To make the fudge cookie, pour the confectioners’ sugar and cocoa powder into a fine-mesh strainer or sifter and sift them into a large bowl. Add the salt and stir to combine the ingredients. Make a well in the center. Add the egg and egg white to the well and whisk until the ingredients are combined. Add the chopped chocolate and cocoa nibs and use a rubber spatula to gently fold them into the batter. Pour the batter into the tart shell and use a small offset spatula to spread it evenly in the shell.

Bake the filled tart shell for about 25 minutes, until the fudge cookie cracks at the center, turning the tart halfway through the baking time so it bakes evenly. Remove the tart from the oven and cool to room temperature.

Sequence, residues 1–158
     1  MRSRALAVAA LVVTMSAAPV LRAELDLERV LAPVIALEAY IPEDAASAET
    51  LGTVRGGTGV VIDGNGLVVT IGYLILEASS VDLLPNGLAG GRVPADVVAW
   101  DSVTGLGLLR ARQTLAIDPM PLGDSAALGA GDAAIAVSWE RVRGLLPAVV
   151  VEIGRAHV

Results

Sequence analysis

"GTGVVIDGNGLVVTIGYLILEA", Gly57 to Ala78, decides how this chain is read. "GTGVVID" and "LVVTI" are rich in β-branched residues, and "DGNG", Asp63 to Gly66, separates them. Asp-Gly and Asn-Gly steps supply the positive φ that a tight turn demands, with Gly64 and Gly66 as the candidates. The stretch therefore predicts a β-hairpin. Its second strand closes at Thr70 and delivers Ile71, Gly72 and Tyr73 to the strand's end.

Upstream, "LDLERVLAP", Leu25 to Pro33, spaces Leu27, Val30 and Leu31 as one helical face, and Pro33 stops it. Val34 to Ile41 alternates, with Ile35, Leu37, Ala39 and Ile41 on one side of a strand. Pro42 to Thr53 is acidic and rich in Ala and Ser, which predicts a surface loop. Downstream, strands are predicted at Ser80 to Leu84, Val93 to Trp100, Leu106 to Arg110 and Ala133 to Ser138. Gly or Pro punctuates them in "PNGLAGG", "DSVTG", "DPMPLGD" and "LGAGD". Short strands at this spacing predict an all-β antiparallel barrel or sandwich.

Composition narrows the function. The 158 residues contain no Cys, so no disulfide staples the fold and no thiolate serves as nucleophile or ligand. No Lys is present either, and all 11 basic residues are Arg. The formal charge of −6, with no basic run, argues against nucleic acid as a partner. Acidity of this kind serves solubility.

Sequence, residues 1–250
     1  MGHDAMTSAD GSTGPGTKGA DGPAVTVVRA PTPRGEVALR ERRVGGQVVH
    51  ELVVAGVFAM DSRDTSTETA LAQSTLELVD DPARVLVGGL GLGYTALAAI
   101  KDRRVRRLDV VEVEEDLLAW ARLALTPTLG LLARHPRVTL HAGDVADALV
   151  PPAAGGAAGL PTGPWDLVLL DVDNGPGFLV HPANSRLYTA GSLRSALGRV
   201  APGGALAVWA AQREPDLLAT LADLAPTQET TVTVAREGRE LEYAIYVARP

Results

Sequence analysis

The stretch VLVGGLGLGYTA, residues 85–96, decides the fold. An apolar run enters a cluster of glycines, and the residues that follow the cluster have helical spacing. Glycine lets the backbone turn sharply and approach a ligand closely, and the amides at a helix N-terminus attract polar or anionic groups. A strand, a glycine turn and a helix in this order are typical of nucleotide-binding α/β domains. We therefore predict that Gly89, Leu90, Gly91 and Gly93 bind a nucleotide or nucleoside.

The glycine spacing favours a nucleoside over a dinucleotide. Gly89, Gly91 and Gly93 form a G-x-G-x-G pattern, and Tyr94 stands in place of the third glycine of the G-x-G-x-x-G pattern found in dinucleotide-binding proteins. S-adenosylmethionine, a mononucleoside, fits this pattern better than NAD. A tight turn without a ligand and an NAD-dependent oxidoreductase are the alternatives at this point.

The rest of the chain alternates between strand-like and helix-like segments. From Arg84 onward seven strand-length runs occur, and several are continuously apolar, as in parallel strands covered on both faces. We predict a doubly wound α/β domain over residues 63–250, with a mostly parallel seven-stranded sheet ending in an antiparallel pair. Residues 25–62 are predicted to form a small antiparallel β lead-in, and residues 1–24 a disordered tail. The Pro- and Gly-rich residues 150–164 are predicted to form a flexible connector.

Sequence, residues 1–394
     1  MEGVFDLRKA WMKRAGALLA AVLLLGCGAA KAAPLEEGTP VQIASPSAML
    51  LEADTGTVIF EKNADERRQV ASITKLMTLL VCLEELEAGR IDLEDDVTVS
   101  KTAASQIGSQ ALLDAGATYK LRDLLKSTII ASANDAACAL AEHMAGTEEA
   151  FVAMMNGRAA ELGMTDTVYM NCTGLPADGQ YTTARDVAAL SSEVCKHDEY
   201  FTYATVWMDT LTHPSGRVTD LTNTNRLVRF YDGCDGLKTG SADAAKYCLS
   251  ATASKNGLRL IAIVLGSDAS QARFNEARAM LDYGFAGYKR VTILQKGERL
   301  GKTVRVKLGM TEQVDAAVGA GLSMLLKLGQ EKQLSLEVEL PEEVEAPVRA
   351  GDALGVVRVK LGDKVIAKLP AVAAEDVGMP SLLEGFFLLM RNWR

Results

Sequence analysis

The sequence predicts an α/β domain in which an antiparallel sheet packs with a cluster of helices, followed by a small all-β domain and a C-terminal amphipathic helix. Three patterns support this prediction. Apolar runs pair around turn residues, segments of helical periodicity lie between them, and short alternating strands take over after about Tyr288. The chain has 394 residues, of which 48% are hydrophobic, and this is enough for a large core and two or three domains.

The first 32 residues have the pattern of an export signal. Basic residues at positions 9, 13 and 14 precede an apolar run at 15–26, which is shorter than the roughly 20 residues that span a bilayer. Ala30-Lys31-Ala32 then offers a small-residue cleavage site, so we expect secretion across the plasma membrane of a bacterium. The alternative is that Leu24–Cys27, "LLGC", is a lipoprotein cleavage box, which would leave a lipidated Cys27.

Meanwhile, to make the caramel, fasten a candy thermometer to the side of a medium deep saucepan (preferably one with a light-colored bottom). Put the corn syrup, granulated sugar, and 3½ tablespoons water in the saucepan and stir to combine. Cook the ingredients over high heat without stirring, tilting the pan so the sugar cooks evenly and brushing down the sides of the pan with a pastry brush dipped in water to remove the sugar crystals, until the caramel reaches 248°F. Add the butter and cream and stir to incorporate it, being careful because the caramel will splatter when you add the ingredients. Turn off the heat and stir in the cocoa nibs and salt. Set the caramel aside to cool slightly, but not so much that it is no longer a pourable consistency. Use the caramel or allow it to cool completely, then refrigerate, covered, for up to 3 days. Warm the caramel over low heat, stirring often, until it is a pourable consistency. Pour the caramel over the cooled fudge cookie layer of the tart. Put the tart in the refrigerator to cool the caramel completely, about 20 minutes.